I’ve met plenty of teenagers who are “in love”. As a former middle and high school teacher, this was a daily occurrence. I often found the plight of the lovelorn adolescent comical and pitiful: Comical because of the drama that often surrounds teenage romances and pitiful because I felt sorry for the parents.

How the tables have turned.

My general amusement on the whole phenomenon took a turn when, seemingly out of nowhere, my kids became teenagers and wanted to start dating.

Of course, I believed the most reasonable response to the situation was simply to suppress the idea entirely. This is what other parents have to wrestle with, not me!

After a few disagreements and some reasoning from my wife, I’ve come to a conclusion. The answer isn’t simply to cover my eyes and ears and yell, “No!” I can’t pretend my teenaged children aren’t growing up and I can’t stop the “butterflies” that come with adolescent attraction.

Perhaps I’m a bit uptight about the whole dating thing. But I know teenage “love” can be tricky to navigate and while I can acknowledge that it’s near unavoidable, I also believe that it’s foolhardy to simply let my kids go about dating without any guidance or boundaries.

Our greatest desire is to teach and help our kids understand what we believe are important lessons when it comes to dating and teenage “love,” finding a balance between micro-managing their lives and giving them unfettered freedom.

Attraction, even really strong attraction, is not love

It’s easy for teens to fall for some cute guy or girl, get swept away in their emotions, and believe they are in love.

I want my kids to learn what true love really is. It’s ok – and expected – to enjoy the elation that comes when you really like someone and those feelings are reciprocated. But love involves so much more than a nice feeling and it doesn’t suddenly disappear when you no longer get the emotional high that comes early on in a dating relationship. Being in love also means keeping the other parts of life in perspective. This includes family, school, work and so on.

My goal isn’t to somehow quash those butterflies, but to ensure that my kids don’t develop tunnel vision when it comes to a boyfriend or girlfriend.

I simply want them to realize these feelings are great, but the other parts of their lives don’t suddenly take a time-out while they play out their teenage romance.

A teens world should not revolve around a relationship

It’s not unusual for teenagers who believe they’re in love to neglect a lot of other things in their lives. They can hardly think of anything or anyone else other than the object of their affections. But I don’t want my kids to forget they have other important relationships – perhaps even more important than their girlfriend or boyfriend.

As our kids get older, my wife and I slowly give them more freedom and responsibility. This includes how they spend their time with friends. When we first allowed them to “date”, we put restrictions on how often they could see their girlfriend or boyfriend, what types of activities they could do together, and so on. Some parents might think these kinds of restrictions are unnecessary but we, among other things, were concerned that our kids would end up spending most of their free time with their crush and completely neglect their other friendships.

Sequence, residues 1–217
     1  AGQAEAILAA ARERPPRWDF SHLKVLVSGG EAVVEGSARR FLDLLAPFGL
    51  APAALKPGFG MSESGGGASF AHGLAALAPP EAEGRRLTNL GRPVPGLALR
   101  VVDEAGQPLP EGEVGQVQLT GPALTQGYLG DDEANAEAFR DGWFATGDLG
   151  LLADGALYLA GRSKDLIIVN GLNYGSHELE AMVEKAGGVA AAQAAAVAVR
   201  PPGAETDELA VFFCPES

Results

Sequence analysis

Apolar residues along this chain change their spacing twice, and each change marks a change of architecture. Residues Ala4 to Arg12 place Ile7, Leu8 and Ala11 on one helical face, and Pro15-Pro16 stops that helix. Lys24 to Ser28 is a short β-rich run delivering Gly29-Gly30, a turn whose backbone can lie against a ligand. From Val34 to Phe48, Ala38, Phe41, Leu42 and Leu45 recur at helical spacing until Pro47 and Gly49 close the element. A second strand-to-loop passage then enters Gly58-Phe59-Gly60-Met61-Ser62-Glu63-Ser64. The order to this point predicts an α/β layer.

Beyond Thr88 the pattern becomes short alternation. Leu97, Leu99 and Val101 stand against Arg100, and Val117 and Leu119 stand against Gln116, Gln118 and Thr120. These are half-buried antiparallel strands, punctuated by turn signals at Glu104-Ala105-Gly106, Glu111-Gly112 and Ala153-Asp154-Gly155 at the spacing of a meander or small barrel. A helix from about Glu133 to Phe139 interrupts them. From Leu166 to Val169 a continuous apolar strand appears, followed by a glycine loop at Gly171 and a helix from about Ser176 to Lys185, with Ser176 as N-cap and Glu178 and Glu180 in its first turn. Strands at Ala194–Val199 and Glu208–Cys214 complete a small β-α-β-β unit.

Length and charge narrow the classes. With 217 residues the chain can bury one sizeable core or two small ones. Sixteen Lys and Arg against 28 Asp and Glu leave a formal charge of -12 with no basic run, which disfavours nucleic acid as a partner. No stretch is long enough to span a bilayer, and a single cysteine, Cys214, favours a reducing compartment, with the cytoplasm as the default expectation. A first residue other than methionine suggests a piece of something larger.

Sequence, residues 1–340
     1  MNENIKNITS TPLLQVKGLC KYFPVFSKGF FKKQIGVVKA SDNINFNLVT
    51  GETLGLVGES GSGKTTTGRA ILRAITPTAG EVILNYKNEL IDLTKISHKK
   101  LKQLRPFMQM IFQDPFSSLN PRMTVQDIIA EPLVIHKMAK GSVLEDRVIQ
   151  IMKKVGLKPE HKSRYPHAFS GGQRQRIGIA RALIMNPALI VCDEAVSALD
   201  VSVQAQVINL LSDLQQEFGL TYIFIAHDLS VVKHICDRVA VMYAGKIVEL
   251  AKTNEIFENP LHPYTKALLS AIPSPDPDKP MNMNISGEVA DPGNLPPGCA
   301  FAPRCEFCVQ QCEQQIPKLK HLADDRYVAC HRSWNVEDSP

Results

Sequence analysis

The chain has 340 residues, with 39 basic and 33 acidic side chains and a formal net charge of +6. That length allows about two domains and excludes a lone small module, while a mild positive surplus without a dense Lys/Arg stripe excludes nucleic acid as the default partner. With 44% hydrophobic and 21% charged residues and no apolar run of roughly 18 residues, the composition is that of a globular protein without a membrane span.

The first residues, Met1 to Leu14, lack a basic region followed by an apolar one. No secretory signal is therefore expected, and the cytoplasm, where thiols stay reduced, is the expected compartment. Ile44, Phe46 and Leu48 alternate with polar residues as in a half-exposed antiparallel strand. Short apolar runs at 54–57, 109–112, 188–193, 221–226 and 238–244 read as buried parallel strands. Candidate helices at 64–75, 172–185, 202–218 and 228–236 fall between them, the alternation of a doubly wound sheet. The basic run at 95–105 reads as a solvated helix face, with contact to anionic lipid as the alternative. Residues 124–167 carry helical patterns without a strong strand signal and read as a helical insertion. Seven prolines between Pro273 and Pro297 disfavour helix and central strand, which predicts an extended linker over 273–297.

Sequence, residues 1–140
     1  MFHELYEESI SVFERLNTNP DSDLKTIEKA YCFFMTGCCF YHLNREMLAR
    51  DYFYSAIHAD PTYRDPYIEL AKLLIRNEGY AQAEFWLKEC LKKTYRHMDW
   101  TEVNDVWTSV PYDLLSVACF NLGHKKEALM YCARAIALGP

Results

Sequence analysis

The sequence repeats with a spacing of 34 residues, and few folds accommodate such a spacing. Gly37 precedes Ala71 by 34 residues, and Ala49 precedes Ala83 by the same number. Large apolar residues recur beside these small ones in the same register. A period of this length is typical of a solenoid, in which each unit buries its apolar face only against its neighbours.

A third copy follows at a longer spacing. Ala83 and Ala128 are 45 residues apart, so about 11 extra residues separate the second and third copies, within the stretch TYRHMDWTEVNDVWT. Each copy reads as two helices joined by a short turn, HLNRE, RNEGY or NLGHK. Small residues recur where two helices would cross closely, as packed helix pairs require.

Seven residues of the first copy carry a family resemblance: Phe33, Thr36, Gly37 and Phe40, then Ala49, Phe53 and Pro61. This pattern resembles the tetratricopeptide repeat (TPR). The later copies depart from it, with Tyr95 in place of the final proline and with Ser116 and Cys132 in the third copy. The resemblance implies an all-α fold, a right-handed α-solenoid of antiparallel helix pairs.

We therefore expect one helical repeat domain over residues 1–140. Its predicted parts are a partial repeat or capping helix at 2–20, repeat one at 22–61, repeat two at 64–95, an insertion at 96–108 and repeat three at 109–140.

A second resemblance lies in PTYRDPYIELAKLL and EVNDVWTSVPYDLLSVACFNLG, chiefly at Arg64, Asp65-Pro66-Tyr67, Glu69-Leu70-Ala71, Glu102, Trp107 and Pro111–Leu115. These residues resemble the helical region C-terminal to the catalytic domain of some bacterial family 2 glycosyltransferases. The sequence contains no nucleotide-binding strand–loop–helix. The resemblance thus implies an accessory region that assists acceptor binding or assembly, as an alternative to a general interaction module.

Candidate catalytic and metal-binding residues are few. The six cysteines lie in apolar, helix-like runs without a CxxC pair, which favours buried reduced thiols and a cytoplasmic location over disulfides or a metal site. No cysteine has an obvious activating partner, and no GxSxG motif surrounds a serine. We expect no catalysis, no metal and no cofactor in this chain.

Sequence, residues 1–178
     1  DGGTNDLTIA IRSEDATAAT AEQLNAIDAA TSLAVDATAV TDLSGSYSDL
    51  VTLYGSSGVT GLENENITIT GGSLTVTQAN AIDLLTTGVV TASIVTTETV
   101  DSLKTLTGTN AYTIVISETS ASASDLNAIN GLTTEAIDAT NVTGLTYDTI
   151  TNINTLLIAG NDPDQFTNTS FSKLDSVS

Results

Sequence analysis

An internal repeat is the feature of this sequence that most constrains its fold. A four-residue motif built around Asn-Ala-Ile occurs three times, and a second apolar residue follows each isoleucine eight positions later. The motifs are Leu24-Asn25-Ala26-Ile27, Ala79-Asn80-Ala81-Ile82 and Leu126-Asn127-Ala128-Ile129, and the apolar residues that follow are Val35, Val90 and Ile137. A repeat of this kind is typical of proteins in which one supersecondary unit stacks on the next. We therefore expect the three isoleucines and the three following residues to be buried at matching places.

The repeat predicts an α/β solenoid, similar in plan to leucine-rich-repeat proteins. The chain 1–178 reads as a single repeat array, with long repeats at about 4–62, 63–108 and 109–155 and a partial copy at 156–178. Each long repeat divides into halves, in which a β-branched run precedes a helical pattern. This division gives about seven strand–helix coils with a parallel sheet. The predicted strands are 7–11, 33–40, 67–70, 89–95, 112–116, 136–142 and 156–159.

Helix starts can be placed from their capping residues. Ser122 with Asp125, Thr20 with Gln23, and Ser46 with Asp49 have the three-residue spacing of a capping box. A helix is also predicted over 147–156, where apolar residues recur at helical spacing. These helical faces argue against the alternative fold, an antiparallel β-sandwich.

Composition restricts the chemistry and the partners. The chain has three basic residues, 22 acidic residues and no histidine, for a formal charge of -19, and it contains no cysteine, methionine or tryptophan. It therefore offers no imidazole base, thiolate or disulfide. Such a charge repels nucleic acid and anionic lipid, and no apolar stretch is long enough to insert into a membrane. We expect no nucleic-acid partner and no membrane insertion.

What teenagers don’t yet have the experience and maturity to understand, is that a girlfriend/boyfriend is NOT their best friend. Let’s face it, most teenage romances come to an end and, in most cases, when the romance ends, so does the friendship.

It’s important to guard your heart

Teenagers have a tendency to exaggerate the depth of their feelings. Sometimes they “hate” their parents, they want to “die”, nobody understands or really knows them – you get the idea. Yes, there are definitely times when there could be very serious things a teenager is dealing with so I’m not suggesting we write off every emotional outburst as hormone-induced insanity. But we do need to keep things in perspective.

For the most part, these words are harmless expressions of strong feelings our teens are not sure how to process. So, we try to convey the importance of guarding their hearts. Just because they may be “in love” doesn’t mean they have to share every raw emotion with their girlfriend or boyfriend.

I’ve been around enough teenagers to have observed their tendency to bare their souls to their current “love.” Later, they often feel completely awkward, even embarrassed, that they shared so much once the relationship comes to an end.

It doesn’t mean I want my kids to bury their emotions or put up a wall with every person they meet. It isn’t about portraying a certain image either. A person can be “real” without opening up their soul to people  they barely know. I want my kids to be discerning in how much they share and with whom. Close friendships develop over time and those are the friends that stay with you, warts and all.

Want to read more on teens and dating? Part 2 is coming next week! In the meantime, check out these articles:

Teen Dating: Understanding Intimacy

Preparing for Your Future Marriage

Written by Marc Lapointe

Marc Lapointe

Marc Lapointe holds a Masters Degree in Education and has been an educator for over two decades. He is the author of “Standing in the Education Gap: A Commonsense Approach to Helping Your Child Succeed in School”, host of the Stuff For Parents Podcast, a regular writer for Stuff For Parents.com, and has been a guest on dozens of radio talk shows across North America. Marc, his wife, and two teenaged children live in the Fraser Valley in British Columbia.
Visit StuffForParents.com to read Marc’s regular blog posts on parenting and education or to tune in to the SFP Podcast.